Views or opinions freely expressed at peer review meetings are not topics for gossip, nor are they subjects for ridicule. For example, a colleague who recently relocated from Alaska to Texas is no less a practitioner than those in the new environment. He or she will probably need a mentor for a brief period of acclimatization in the new location.
Similarly, a nuclear pharmacist of 15 years who is now entering community practice will require some mentoring to effectively reestablish a practice as a retail pharmacist, along with guidance from a colleague in the same sector on how to understand the complexities and present challenges in the business of community practice: PBMs, Medicare, and so on.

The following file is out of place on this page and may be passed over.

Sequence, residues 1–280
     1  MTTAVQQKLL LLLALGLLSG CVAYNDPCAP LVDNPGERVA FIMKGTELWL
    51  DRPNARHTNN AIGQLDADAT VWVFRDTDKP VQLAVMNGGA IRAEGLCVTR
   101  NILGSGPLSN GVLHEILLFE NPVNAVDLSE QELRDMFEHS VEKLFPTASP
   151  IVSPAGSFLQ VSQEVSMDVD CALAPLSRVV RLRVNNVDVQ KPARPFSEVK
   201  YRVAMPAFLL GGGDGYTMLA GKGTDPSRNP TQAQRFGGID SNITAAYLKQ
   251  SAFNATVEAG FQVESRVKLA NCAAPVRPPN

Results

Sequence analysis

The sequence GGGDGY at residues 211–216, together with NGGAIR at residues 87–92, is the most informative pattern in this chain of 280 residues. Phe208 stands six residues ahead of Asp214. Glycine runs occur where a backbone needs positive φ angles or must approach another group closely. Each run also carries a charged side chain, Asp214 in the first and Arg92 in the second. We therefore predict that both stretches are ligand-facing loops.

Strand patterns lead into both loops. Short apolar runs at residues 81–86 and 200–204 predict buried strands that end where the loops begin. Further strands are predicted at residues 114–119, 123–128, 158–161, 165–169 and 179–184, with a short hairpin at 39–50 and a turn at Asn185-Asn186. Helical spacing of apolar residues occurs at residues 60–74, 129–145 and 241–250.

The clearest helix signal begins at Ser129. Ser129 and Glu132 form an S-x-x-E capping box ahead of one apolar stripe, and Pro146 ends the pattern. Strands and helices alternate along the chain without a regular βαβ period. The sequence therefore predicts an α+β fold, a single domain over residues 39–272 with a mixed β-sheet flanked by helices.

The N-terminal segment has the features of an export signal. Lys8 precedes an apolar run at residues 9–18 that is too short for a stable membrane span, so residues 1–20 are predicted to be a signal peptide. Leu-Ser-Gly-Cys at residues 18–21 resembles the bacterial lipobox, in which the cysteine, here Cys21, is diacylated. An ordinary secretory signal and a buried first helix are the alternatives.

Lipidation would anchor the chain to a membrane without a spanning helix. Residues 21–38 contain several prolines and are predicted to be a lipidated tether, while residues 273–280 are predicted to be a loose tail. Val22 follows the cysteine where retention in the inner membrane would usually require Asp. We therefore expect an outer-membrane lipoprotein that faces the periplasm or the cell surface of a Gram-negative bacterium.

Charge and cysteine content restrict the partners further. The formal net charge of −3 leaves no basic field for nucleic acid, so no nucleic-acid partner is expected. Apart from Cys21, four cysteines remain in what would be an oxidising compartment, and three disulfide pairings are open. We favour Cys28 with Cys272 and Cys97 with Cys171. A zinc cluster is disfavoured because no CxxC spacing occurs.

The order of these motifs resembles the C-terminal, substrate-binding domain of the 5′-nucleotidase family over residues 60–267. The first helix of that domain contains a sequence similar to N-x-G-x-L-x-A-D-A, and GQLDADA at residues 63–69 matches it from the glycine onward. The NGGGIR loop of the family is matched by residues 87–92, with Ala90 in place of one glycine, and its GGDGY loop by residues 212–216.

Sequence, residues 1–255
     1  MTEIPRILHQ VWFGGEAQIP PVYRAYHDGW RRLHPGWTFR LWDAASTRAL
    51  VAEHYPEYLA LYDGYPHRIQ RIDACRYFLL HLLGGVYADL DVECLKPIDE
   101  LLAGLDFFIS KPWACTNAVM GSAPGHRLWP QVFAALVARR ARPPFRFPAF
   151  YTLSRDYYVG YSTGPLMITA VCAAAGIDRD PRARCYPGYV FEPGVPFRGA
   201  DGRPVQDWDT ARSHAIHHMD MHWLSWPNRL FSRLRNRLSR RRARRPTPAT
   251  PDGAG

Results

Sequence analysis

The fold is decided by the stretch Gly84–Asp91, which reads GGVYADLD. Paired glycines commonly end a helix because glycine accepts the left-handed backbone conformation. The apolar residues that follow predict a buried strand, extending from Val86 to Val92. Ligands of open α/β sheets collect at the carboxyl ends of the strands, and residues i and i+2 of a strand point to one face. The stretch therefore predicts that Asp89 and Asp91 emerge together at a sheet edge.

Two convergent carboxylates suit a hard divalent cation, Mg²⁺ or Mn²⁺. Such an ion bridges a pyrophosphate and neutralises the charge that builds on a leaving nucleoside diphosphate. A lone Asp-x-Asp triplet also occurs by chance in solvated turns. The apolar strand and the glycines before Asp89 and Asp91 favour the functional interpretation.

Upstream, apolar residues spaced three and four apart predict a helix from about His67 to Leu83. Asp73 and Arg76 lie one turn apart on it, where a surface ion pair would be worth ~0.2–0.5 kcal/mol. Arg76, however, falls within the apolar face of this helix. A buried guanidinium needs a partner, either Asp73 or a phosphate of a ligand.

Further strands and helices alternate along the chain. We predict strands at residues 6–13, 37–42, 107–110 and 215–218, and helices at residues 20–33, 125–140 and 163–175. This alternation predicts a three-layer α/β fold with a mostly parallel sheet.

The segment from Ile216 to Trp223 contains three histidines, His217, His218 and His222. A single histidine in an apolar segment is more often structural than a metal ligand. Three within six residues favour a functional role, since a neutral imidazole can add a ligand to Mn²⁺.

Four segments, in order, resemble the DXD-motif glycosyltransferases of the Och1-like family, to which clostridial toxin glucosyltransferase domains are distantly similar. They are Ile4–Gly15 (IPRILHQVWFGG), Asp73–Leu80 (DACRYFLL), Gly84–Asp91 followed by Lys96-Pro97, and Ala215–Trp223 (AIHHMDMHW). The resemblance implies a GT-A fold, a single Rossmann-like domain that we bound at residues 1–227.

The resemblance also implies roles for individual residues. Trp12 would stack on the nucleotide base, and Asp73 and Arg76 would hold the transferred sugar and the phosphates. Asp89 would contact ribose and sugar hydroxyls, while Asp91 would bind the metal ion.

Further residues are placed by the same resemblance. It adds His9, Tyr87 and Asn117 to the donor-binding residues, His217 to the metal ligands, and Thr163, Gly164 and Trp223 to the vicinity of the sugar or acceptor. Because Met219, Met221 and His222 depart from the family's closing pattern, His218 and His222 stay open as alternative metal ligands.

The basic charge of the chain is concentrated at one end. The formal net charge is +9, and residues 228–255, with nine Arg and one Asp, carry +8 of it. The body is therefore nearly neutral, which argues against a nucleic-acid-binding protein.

The benefit of all
In conclusion, it is important to reiterate, that peer reviews in pharmacy practice were conceived for the benefit of all practicing pharmacists irrespective of their backgrounds. And such meetings are to be conducted in a decent, honest, polite and friendly atmosphere. Your colleagues and co-workers are to be given the same opportunities as yourself in the expression of their opinions. Your professional views and comments at such meetings are not subjects to be bandied about nor are the views "expressed" topics for the yellow pages. Professional comportment and public conduct may not have been an available elective in pharmacy school; however, every decent practitioner need not be reminded over and over again that "your behavior in the public place shall impact the image or otherwise of the profession that you represent."
Oluwole Williams is a relief pharmacist who lives and works near Philadelphia, Pa.